The new version of Vince McMahon’s XFL has gotten off to a solid start. While the level of play will certainly never match the NFL, the games have been entertaining to watch. People are showing up to the stadiums and the broadcast numbers have been solid.
The XFL has a few different rules than what people are used to seeing in the NFL or NCAA football, but that’s part of what Vince McMahon and commissioner Oliver Luck are hoping will draw even more attention to the league. One of the different things is how overtime is contested. The XFL has gone in a completely different direction and it could prove to be quite entertaining.
How overtime works in the NFL
The NFL overtime period has undergone a few changes in the last decade or so. What used to happen was that following the coin toss, the first team to score (field goal, touchdown, or safety) would automatically win the game. That’s not the case these days. Under the current system, both teams are given the chance to possess the football, unless the team that first receives the football scores a touchdown on its opening possession.
The overtime period was shortened from 15 minutes to 10 in 2017. If both teams score the same amount of points on their opening possessions, the game moves to a sudden-death system. There can still be ties in the regular season.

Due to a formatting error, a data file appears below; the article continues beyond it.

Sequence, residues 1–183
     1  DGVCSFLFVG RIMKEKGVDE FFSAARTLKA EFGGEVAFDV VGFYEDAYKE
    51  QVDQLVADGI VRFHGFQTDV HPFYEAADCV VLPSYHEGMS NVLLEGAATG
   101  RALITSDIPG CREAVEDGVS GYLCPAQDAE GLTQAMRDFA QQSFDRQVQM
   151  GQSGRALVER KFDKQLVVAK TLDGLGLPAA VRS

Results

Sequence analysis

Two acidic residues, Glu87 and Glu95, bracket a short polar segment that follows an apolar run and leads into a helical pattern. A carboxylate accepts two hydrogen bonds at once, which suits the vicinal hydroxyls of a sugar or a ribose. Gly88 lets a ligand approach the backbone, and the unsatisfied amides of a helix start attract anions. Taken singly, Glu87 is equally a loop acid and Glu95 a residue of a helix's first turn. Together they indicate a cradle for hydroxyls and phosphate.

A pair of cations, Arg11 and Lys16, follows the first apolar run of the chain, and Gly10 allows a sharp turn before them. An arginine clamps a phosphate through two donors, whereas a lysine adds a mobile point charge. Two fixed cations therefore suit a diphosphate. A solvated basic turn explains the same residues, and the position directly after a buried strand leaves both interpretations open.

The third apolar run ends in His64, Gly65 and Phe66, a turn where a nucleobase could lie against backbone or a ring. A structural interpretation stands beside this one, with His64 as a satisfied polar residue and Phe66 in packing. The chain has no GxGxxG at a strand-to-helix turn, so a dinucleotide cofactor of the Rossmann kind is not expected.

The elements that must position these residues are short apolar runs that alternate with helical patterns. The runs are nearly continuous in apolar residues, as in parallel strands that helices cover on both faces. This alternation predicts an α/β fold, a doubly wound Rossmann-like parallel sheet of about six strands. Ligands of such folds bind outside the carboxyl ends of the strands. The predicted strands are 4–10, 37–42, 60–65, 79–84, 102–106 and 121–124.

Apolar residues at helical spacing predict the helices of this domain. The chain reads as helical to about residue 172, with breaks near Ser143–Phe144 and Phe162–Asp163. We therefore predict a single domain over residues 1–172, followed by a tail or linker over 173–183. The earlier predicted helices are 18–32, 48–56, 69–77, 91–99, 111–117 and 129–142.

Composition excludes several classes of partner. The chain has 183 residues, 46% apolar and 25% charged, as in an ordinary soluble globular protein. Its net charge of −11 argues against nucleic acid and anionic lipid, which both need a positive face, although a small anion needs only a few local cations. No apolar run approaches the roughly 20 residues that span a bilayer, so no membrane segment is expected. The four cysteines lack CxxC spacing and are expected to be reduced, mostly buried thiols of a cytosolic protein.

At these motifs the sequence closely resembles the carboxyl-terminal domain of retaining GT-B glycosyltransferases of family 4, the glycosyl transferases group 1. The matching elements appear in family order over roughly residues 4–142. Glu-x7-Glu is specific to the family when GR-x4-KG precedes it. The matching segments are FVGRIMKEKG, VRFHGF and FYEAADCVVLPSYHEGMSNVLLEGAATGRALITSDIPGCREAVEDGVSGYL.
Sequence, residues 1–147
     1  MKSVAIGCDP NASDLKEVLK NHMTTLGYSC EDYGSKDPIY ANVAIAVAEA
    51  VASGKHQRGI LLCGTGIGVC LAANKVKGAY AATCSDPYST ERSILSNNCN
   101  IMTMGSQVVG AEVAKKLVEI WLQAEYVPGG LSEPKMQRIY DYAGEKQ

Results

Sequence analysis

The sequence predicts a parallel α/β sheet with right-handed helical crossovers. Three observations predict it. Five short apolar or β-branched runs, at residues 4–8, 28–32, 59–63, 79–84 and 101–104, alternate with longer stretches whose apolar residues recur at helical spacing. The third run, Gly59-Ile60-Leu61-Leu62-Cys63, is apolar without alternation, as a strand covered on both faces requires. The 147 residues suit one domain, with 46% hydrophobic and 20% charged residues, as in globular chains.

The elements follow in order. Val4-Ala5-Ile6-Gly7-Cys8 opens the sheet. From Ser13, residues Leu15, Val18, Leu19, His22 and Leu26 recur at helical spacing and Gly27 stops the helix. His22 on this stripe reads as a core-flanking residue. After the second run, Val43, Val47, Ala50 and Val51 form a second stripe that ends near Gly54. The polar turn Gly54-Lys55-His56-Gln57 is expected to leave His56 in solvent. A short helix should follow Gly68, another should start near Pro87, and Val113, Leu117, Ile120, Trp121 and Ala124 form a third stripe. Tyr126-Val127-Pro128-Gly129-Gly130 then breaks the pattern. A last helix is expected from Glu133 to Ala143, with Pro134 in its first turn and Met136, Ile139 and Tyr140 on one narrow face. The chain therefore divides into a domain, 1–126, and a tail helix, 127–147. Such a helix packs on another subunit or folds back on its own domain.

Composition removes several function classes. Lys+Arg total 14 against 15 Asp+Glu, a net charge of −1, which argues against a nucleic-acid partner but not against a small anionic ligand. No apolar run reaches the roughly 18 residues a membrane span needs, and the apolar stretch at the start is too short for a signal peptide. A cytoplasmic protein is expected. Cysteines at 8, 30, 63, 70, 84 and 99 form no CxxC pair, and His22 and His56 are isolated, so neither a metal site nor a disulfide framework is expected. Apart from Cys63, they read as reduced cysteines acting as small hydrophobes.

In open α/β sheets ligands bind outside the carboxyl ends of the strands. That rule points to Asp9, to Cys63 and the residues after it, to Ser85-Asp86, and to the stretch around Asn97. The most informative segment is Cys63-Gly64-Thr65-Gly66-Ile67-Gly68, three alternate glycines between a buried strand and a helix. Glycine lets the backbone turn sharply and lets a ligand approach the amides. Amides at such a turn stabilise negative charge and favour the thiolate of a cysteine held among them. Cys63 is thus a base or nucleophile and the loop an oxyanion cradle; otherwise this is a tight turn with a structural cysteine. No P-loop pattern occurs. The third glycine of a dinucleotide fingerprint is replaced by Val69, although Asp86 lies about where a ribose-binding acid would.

The XFL overtime rules are closer to the NCAA than the NFL
Wanting to get away from ties, NCAA Football first started tweaking its overtime format in 1996. Under the current format, both teams are guaranteed an offensive possession. Starting at the 25-yard line, regular rules apply as a team retains the ball until it scores or they turn the ball over. The other team is then given possession, also starting at the 25, and the same rules apply. If the score is still tied, the game goes into a second overtime.
Starting with the third overtime, teams are forced to attempt a two-point conversion if they score a touchdown. A new rule set in 2019 states that if the game gets to a fifth overtime, teams would alternate attempts at two-point conversions until a winner is decided. The XFL is closer to the NCAA on how overtime is contested, with a slight tweak.
How overtime works in the XFL
Overtime will certainly look different in the XFL. It will actually look more like hockey or soccer as the league has decided on a shootout-style format. In the NFL, a team can lose in overtime without ever touching the football on offense. That won’t be the case in the XFL.
There are five “rounds” to the XFL overtime. Each round will consist of just one offensive play per team. The offensive team will start at their opponent’s five-yard line and attempt to get into the endzone. If they succeed, they’re awarded two points. If they fail, they get zero. The other team does the same and whichever team has scored the most points after five turns is declared the winner.
If one team is mathematically eliminated (one team scores three times and the other hasn’t scored), the remaining rounds aren’t played. If the score is tied after five rounds, a sudden-death format is used until one team scores and the other doesn’t.